Passing gratitude around the Thanksgiving table
| November 23, 2023 12:00 AM
Thanksgiving is a time for family and friends to gather together.
Not everyone has the means to provide a Thanksgiving feast for the dinner table. Because of that we want to take the time to thank local food banks, the volunteers who help out and the community members who provide donations to keep those pantries stocked.
The Flathead Food Bank provided bags of food — turkeys, hams, potatoes and the like — to more than 825 families before the holiday.
And they’re not alone.
The Northwest Montana Veterans Food Pantry gave out boxes stuffed with Thanksgiving fixings to about 90 veterans and their families. Cinnamon Davis-Hall, community outreach specialist for the pantry, said those served by the pantry run the gamut but many are either homeless or are one missed check away from homelessness, while some need assistance to serve extended family at the table this time of year.
“Everybody should have a holiday dinner,” Davis-Hall said.
The North Valley Food Bank provided holiday food for more than 550 families through its distribution day in Whitefish and at its mobile pantry sites in Trego and Olney.
In 2022, the food bank saw an 80% increase during its Thanksgiving distribution, and overall this year has seen a 25% increase in food bank visits compared to last year, notes Executive Director Sophie Albert. To serve those in need, the food bank relies on roughly 400 active volunteers who fill more than 70 shifts weekly.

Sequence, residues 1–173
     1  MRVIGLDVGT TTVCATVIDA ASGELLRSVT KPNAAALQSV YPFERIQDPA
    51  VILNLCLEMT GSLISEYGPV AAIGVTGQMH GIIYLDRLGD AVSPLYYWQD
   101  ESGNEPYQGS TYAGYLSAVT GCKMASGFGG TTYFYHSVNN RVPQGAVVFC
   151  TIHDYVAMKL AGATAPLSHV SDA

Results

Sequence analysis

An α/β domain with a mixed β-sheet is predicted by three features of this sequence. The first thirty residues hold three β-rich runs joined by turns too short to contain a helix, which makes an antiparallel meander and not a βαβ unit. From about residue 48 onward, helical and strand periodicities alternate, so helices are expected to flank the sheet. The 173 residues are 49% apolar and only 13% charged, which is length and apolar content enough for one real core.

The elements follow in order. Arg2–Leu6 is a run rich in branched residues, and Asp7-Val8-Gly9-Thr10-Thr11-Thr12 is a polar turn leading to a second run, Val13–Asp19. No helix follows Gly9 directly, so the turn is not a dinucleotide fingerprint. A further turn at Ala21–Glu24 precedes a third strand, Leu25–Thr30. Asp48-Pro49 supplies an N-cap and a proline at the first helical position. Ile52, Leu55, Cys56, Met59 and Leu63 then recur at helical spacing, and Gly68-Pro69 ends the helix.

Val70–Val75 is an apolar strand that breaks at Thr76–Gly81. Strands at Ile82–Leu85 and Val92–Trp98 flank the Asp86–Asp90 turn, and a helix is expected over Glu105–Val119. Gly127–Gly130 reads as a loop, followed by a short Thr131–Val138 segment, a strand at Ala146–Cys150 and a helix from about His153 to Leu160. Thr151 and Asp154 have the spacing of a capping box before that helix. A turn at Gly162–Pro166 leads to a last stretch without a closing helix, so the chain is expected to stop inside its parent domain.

The Bigfork Food Bank served more than 110 families giving out 8,382 pounds of groceries in total ahead of Thanksgiving.
“Normally we distribute about 8,000 pounds a month, and this was all in one day,” said Kathy Kaestner, executive director of the food bank.
To the numerous churches, restaurants and businesses that provide a free turkey or pumpkin pie to help fill out the table or serve free Thanksgiving meals in the spirit of community, we also provide a hearty thanks.
After the leftover turkey has been wrapped and the pie served, many of us begin looking to the Christmas and Hanukkah seasons. While we’re rushing off to prepare for the next celebration let’s not forget those still struggling with food for the table and shelter for the night.
We know the Flathead Valley will continue to provide volunteer hands and donations to keep bolstering those nonprofit organizations that support our neighbors. If you can help out even in a small way it can make a difference.
As Mother Teresa said, “If you can’t feed a hundred people, then feed just one.”